Achieving a good work/life balance is fairly well established as a good indicator of employee happiness and engagement. A couple of recent studies highlight how big a role organizational culture plays in achieving this.
The first, looked at the role work/life balance played on employee productivity, and in particular on our creativity. Participants were asked to complete an online questionnaire whereby they were presented with a standard work/life challenge, which in this case was asking your boss for time off to care for a sick family member.
The results indicated that those who received a response from their ‘boss’ in line with work vs life as a kind of zero sum game, went on to report a higher level of cognitive dissonance. The researchers suggest that this higher level of stress resulted from having to choose between work or home. What’s more, these participants also saw a drop in their creativity after having to make that choice.
The other group however had a boss who had a philosophy of work/life harmony where they are much more flexible and inter-mingled. Participants in this group showed no drop off in creative output, nor indeed showed any cognitive dissonance.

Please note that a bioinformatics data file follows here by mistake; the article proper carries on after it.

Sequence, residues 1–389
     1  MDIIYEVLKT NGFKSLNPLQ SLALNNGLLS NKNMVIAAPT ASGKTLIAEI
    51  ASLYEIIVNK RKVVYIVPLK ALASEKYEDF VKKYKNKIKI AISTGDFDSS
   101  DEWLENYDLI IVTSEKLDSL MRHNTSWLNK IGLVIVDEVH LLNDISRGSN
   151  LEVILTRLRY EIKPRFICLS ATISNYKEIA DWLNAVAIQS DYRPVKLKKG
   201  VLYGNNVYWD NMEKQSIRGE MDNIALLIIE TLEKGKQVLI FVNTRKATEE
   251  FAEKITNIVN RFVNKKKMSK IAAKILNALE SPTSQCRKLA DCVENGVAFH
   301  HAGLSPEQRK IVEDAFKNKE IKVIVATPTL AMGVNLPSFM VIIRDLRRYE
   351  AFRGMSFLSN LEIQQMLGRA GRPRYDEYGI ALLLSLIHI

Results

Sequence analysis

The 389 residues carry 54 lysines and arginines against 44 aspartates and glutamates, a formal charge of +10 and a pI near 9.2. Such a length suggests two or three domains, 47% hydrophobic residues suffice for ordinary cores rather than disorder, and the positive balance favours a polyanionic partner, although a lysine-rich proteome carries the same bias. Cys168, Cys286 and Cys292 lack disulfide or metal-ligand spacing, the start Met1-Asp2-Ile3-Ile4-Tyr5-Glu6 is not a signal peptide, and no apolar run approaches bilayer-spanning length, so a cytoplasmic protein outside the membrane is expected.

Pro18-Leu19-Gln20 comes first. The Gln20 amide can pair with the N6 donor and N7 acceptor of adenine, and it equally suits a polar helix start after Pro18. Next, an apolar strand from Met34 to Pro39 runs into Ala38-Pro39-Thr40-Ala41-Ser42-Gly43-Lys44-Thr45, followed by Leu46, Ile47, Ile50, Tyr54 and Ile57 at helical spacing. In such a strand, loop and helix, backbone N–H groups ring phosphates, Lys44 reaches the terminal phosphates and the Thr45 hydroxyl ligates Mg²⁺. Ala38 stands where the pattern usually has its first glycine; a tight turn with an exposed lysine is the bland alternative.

“These findings bear practical significance to organizations adopting the practice of work–life initiatives,” the researchers write. “Through enhanced understanding of these approaches, HR professionals can more effectively develop strategic work–life interventions targeted at alleviating work–life stressors.”
The crucial role our boss plays in all of this was underlined by a study published last year that formed the core of The Energy Project. The study found that when we were physically fresh, emotionally valued, focused and had purpose, we tended to be satisfied and productive at work.
Alas, the study found that most bosses set a pretty bad example when it comes to those four traits.
“Unfortunately, only 25% of our survey respondents told us that their leaders model sustainable work practices. Those leaders’ employees are 55% more engaged, 72% higher in health well being, 77% more satisfied at work, and 1.15 times more likely to stay at the company. They also reported more than twice the level of trust in their leaders,” they reveal.
With bosses not practicing work/life harmony themselves, it seems unlikely that they’ll promote it as a positive thing for employees either, with the resulting impact upon employee engagement and productivity.
I’m generally not a fan of requiring managers to lead by example, as we so seldom see our bosses that there needs to be much more emphasis on our environment to ensure behaviours change. With work/life balance it may be slightly different however, as it’s still endemic that people remain in the office until their boss leaves. In this instance, they really can set an important example to others.Original post